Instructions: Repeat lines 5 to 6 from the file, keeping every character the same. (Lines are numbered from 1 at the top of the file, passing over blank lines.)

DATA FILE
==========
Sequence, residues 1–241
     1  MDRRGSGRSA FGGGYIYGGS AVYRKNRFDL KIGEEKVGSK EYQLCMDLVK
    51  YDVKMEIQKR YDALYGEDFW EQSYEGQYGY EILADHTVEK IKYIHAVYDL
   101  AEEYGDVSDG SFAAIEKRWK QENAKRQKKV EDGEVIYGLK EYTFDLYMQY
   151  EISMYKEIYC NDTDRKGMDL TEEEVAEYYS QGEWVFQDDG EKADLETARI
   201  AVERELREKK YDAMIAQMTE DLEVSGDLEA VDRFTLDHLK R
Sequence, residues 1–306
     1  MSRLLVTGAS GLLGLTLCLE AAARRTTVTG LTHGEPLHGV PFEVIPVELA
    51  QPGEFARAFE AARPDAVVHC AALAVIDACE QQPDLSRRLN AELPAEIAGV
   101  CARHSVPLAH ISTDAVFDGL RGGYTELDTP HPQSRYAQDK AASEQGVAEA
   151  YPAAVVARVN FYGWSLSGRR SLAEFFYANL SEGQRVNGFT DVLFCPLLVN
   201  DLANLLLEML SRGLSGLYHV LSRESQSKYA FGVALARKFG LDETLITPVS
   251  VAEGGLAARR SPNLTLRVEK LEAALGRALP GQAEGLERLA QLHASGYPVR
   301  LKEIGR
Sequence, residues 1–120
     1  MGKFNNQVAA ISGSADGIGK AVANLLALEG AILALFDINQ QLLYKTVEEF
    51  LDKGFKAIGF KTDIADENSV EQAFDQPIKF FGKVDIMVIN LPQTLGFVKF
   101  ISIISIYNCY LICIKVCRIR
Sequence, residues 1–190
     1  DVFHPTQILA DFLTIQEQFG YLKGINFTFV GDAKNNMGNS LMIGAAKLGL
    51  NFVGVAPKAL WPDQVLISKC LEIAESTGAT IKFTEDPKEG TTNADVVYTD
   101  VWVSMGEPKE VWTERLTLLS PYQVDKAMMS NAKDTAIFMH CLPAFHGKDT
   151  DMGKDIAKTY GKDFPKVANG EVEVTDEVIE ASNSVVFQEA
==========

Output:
   151  EISMYKEIYC NDTDRKGMDL TEEEVAEYYS QGEWVFQDDG EKADLETARI
   201  AVERELREKK YDAMIAQMTE DLEVSGDLEA VDRFTLDHLK R